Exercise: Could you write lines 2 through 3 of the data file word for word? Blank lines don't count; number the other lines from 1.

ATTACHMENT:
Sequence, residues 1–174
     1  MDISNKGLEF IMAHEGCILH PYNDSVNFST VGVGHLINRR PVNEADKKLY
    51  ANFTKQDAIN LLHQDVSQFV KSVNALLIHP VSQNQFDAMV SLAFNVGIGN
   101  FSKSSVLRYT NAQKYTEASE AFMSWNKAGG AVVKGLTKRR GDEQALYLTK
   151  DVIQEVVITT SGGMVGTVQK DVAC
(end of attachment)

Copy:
     1  MDISNKGLEF IMAHEGCILH PYNDSVNFST VGVGHLINRR PVNEADKKLY
    51  ANFTKQDAIN LLHQDVSQFV KSVNALLIHP VSQNQFDAMV SLAFNVGIGN